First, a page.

Let's make something very clear. I love schools like Oak Hill, DeMatha and the others you mention. I love what they stand for and I love visiting those schools. I wish all public schools had the discipline and academic standards that those schools have and unlike other polls all the schools you mentioned are ranked in my polls.

I hate that most public schools have taken a total nosedive in regard to the same principals that were in place years ago when schools like Oak Hill weren't necessary. I really like Steve Smith and the other coaches and I love watching them play. I was extremely impressed when I visited Oak Hill this past summer. Steve Smith and I have debated the issue of rankings in person and on radio shows. In my poll, Oak Hill is still highly rated and will probably end up number one. Reaching that point doesn't have to be in the same category with mostly traditional schools who would have no chance at all on the basketball court.

I have communicated with all of the people you mentioned and I respect their opinions just as I do yours and I think they respect mine. They send me their ratings each week and I use all they send me. Other than the things I have mentioned which make them outstanding schools, I don't think some schools would be taking a step down to join state associations, but if I were them I would not change. The main difference would be that they may not be able to bring in the students they do now and their academic standards might suffer. The Philadelphia Catholic Schools will join their state association next year and I think that may be a move they regret.

It shouldn't be just about basketball and how high you are ranked for the schools we disagree about, but sometimes I get the impression that's all that matters. Also just think about it. Would the same players be able to get in the Oak Hill's of the world if they were not basketball players. I don't think so and I'm sure neither do you ...

Just like me, you and the others could have separate polls and give the same publicity to even more schools. At some point before I'm to old to do it, I hope to make contact with every high school in the country and have them send all the polls their opinions on this subject. I have already done opinion polls twice on my website and the way most people felt was overwhelming that my opinion is the right one. I wrote a story a while back that is still on my site somewhere noting the National Champions back to the late eighties. Take a look at that sometime and you'll maybe understand my point a little better. I am looking forward to this weekend when I will again see many of the outstanding teams. I wish we agreed but I guess that's never going to happen. I've enjoyed our little debate.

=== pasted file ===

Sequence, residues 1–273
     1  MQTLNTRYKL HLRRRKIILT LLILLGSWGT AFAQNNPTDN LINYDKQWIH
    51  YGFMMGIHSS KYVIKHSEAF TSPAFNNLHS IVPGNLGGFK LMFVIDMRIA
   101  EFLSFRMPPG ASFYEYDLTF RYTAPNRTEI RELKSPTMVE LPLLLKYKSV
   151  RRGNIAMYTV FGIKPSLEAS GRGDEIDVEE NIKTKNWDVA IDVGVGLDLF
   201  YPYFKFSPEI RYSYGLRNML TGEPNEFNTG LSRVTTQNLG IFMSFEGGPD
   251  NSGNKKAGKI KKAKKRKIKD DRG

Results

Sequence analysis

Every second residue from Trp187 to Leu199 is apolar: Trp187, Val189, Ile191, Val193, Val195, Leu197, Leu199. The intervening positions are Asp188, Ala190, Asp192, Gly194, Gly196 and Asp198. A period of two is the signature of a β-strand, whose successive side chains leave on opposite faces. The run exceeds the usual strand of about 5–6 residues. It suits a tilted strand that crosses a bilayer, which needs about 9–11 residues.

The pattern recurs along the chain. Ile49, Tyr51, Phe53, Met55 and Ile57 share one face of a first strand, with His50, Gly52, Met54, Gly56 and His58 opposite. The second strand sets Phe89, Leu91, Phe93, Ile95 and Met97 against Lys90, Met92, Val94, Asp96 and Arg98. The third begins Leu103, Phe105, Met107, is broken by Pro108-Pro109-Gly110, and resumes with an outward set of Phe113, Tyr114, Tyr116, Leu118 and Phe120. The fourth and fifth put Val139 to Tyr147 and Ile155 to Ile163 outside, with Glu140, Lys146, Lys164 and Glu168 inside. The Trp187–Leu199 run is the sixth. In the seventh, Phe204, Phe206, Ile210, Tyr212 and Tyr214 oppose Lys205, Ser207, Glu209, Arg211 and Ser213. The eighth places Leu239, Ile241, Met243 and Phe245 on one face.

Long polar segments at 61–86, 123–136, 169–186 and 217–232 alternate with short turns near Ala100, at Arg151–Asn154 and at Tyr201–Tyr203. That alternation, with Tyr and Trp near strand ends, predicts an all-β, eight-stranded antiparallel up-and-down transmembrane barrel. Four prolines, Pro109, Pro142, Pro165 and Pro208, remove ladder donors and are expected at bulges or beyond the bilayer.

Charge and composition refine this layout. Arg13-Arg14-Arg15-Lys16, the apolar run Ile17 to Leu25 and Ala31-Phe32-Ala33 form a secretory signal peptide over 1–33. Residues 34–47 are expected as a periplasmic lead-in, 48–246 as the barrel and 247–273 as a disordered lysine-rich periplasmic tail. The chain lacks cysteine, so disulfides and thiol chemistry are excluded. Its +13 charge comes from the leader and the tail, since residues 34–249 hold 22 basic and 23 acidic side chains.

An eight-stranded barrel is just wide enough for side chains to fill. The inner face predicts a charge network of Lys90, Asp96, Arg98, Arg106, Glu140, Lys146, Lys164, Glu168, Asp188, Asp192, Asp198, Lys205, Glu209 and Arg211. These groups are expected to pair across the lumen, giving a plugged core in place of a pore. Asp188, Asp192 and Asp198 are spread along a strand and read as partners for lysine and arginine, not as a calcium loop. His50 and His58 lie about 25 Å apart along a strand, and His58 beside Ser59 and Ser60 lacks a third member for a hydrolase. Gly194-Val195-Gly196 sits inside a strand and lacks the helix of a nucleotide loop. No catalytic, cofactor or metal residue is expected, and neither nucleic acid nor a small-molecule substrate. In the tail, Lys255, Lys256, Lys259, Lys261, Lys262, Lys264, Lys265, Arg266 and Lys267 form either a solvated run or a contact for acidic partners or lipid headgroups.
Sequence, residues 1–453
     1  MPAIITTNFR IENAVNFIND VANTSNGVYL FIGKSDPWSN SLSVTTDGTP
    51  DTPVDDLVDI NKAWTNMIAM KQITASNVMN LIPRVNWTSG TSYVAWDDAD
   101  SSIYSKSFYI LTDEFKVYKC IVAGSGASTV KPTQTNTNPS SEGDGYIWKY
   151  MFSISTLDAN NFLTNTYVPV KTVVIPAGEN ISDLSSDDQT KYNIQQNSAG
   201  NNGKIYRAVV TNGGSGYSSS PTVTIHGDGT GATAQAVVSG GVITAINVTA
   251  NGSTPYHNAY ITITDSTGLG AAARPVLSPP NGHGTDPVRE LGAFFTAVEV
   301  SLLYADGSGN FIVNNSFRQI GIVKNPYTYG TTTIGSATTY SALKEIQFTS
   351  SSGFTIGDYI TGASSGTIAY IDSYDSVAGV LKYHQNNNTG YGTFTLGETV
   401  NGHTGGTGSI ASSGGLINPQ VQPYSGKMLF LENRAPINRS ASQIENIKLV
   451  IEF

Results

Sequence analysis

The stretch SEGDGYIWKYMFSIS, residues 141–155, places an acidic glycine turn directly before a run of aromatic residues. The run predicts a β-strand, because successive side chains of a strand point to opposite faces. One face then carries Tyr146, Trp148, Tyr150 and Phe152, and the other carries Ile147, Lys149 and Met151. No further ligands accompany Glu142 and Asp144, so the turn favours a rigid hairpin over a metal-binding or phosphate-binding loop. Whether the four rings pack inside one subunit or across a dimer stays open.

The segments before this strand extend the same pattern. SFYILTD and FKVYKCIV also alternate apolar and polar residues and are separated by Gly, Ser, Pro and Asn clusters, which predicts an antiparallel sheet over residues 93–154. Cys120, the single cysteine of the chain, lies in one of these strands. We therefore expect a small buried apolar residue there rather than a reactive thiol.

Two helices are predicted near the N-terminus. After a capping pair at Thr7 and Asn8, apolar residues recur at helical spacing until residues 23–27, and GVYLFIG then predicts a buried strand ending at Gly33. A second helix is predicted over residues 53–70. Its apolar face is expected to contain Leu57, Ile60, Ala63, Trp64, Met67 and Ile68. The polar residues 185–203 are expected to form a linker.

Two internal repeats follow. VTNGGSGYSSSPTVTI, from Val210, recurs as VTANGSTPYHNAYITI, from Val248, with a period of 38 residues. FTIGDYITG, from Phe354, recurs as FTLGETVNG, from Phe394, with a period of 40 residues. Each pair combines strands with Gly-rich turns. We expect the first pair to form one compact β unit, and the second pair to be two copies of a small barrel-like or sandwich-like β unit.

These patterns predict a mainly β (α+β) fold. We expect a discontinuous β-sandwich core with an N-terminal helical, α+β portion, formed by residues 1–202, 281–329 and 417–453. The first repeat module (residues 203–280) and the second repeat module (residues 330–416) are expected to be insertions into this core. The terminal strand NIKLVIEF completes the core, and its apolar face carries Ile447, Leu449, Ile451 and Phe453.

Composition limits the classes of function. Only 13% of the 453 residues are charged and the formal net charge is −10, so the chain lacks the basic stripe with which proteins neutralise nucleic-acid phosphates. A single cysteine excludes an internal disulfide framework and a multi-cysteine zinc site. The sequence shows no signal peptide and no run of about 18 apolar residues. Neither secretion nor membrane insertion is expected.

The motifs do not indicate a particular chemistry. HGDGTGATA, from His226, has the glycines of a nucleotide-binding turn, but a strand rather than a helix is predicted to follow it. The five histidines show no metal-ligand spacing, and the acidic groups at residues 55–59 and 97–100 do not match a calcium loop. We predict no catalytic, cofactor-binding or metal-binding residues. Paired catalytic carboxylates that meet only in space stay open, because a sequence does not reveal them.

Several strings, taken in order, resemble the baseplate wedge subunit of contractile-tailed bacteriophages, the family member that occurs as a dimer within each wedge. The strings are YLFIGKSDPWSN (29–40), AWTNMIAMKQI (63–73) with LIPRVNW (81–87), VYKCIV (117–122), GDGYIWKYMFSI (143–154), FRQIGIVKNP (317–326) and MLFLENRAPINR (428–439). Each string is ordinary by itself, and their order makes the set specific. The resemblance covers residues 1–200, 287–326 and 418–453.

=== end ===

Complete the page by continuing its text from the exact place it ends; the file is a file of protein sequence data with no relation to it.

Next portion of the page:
Our reply:

Eddie -- Do you propose that the AP stop ranking Duke and Georgetown in its college basketball poll because, like Oak Hill, those schools have a number of players on their teams who would not otherwise be able to get into those schools academically?

My point: Our poll is not intended to be a force for fixing the ills that plague our public schools. It is simply our best attempt to rank the on-court acheivement of the best high school-level teams in the country. Without regard to how those teams are put together or if they are or are not a member of a state association. We only require that they play four-year players and play a schedule against top high school-level competition (not prep schools).

I think you will also agree, the program ran by Steve Smith at Oak Hill maintains higher standards in terms of academics and personal responsibilty from its athletes than literally hundreds of successful "traditional" high school programs that are governed by a state association.

One question you have not given me adequate resolution on is how you differentiate a DeMatha from a Mater Dei. The only difference is that there are not dozens of traditional high-level Catholic programs in Southern California as there are in the DC metro. If there were, I would guess that Mater Dei would compete with those teams rather than in the CIF.

Why punish DeMatha for having an athletic program that is virtually a carbon copy of the one at Mater Dei? Or how about De La Salle in Northern California?